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"Broken Car 2" - My 2000 XJ Project

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"Broken Car 2" - My 2000 XJ Project

Old 09-08-2012, 02:30 AM
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Cool "Broken Car 2" - My 2000 XJ Project

This project starts with the death of my last XJ, which was also my first XJ.
I refer to my current project as "Broken Car 2" because of a window sticker that was on my first XJ when we bought it. The sticker was for a clothing brand called "Broken Cartel". My wife bugged me for a couple weeks to remove it. When I finally got around to it, I started from right to left. I got three letters off and couldn't continue. It was just too appropriate.
I was on my way to work, pulling my trailer, when I was rear-ended by a lady who wasn't watching where she was going. She hit my trailer so hard that it bent my receiver hitch down about 20 creasing both of my frame rails. Totalled. Insurance gave me the standard insult of a payment and I had to start from scratch.

I was able to find a replacement relatively quickly, but given the "generous" payout from the insurance company, I had to sacrifice a few upgrades. It was in good shape. I don't think it had ever seen a rough trail. Not a scratch on any of the suspension or driveline components. The mileage was a little high, but it was real clean and the price was decent.

The image above is not actually of my Jeep, but this one is almost identical.
Since I didn't have the presence of mind to take a before picture, this will have to do.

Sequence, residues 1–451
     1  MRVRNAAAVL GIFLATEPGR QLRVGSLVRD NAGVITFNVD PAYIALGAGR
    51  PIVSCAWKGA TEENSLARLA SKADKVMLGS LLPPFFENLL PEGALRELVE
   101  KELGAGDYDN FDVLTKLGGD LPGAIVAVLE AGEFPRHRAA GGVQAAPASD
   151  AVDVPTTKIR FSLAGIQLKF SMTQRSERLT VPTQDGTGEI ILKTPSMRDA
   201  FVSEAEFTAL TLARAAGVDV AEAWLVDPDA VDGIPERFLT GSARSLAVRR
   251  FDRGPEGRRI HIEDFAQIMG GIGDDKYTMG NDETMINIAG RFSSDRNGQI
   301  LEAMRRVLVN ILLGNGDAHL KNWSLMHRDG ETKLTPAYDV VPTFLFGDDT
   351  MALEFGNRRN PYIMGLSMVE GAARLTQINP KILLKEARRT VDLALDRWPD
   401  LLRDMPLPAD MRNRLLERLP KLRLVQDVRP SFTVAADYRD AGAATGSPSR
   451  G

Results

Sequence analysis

I had to wait a few months, but tax return time came and it was time to give this thing some personality. The first thing I did was the lift. I went with a Rubicon Express SuperFlex 3.5" Lift. I was able to customize it a little bit with Adjustable Lower Control Arms and an Adjustable Track Bar. I also went with ProComp complete rear leaf springs and ProComp MX-6 shocks.


Here's a 'before' view of the front suspension.


Another 'before' view of the front suspension.


OEM Lower Control Arms vs. Rubicon Express SuperFlex Adjustable Lower Control Arms.


OEM Springs vs. Rubicon Express Springs.


After we installed the springs, we did the sway bar quick disconnects. This bolt has to come out
in order to install them. If you plan on installing these on your XJ, be prepared for some work.
It won't want to come out. You may want to use some sort of puller, as it's pressed in, not threaded.



Here's what it looks like after it's out.


Completed sway bar disconnects. I love the design. Very easy to use.
The install was relatively straight forward.
There was one difficult part. We'll get to that later on.



Another view of the quick disconnects.


And another view, because I really like 'em.


The lower control arms have only one design flaw. I really like them for the most part,
but it was very frustrating that there's nowhere to put a wrench on the opposite side of the jam nut.
It makes it difficult to tighten the jam nut adequately. We ended up using a pipe wrench with a towel
to protect the powder-coat. Still scratched 'em a little. Not too happy about that.



Another view of the lower control arm, johnny joint, and zerk fitting. The RE SuperFlex
system really is impressive. They even sell rebuild kits for the johnny joints.



I am extremely happy with the ProComp MX-6 shocks. My Jeep rides better now than
when it was stock. I'd recommend these to anyone. They're a little pricey, but it's worth it.
Especially since they have a lifetime warranty.



Here's a close-up of the upper shock mount location.


And here's the lower mount.


Front suspension installed.


The leaf springs were a little tricky to put in. Those preparing to do this install should
remember to install the rear of the spring first. For some reason, if you attempt to install
the front first, it's a bear. I really like the ProComp springs, not only because they're relatively
inexpensive, but they also come with shims to adjust the driveline angle.



Here it is with the lift installed. Now for some wheels and tires.